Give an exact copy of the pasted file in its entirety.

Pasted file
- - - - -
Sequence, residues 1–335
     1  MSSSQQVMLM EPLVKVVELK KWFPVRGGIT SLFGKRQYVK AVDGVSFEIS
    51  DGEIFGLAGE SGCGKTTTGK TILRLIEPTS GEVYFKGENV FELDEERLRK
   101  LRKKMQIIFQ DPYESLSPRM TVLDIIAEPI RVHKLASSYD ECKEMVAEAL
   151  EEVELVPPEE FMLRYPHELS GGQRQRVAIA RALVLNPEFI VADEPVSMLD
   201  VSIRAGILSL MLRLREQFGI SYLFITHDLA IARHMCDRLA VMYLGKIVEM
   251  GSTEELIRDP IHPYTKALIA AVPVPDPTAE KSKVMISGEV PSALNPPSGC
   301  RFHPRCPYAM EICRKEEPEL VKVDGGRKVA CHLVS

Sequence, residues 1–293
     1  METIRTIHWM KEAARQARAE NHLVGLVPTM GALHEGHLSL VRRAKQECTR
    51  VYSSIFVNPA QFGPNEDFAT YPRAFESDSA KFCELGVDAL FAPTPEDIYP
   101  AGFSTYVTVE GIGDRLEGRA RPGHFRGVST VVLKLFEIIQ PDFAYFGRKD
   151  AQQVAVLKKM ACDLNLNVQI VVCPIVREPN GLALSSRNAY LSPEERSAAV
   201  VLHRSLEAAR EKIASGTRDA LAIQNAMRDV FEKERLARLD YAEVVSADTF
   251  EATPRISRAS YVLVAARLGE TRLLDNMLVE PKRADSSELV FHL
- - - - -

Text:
Sequence, residues 1–335
     1  MSSSQQVMLM EPLVKVVELK KWFPVRGGIT SLFGKRQYVK AVDGVSFEIS
    51  DGEIFGLAGE SGCGKTTTGK TILRLIEPTS GEVYFKGENV FELDEERLRK
   101  LRKKMQIIFQ DPYESLSPRM TVLDIIAEPI RVHKLASSYD ECKEMVAEAL
   151  EEVELVPPEE FMLRYPHELS GGQRQRVAIA RALVLNPEFI VADEPVSMLD
   201  VSIRAGILSL MLRLREQFGI SYLFITHDLA IARHMCDRLA VMYLGKIVEM
   251  GSTEELIRDP IHPYTKALIA AVPVPDPTAE KSKVMISGEV PSALNPPSGC
   301  RFHPRCPYAM EICRKEEPEL VKVDGGRKVA CHLVS

Sequence, residues 1–293
     1  METIRTIHWM KEAARQARAE NHLVGLVPTM GALHEGHLSL VRRAKQECTR
    51  VYSSIFVNPA QFGPNEDFAT YPRAFESDSA KFCELGVDAL FAPTPEDIYP
   101  AGFSTYVTVE GIGDRLEGRA RPGHFRGVST VVLKLFEIIQ PDFAYFGRKD
   151  AQQVAVLKKM ACDLNLNVQI VVCPIVREPN GLALSSRNAY LSPEERSAAV
   201  VLHRSLEAAR EKIASGTRDA LAIQNAMRDV FEKERLARLD YAEVVSADTF
   251  EATPRISRAS YVLVAARLGE TRLLDNMLVE PKRADSSELV FHL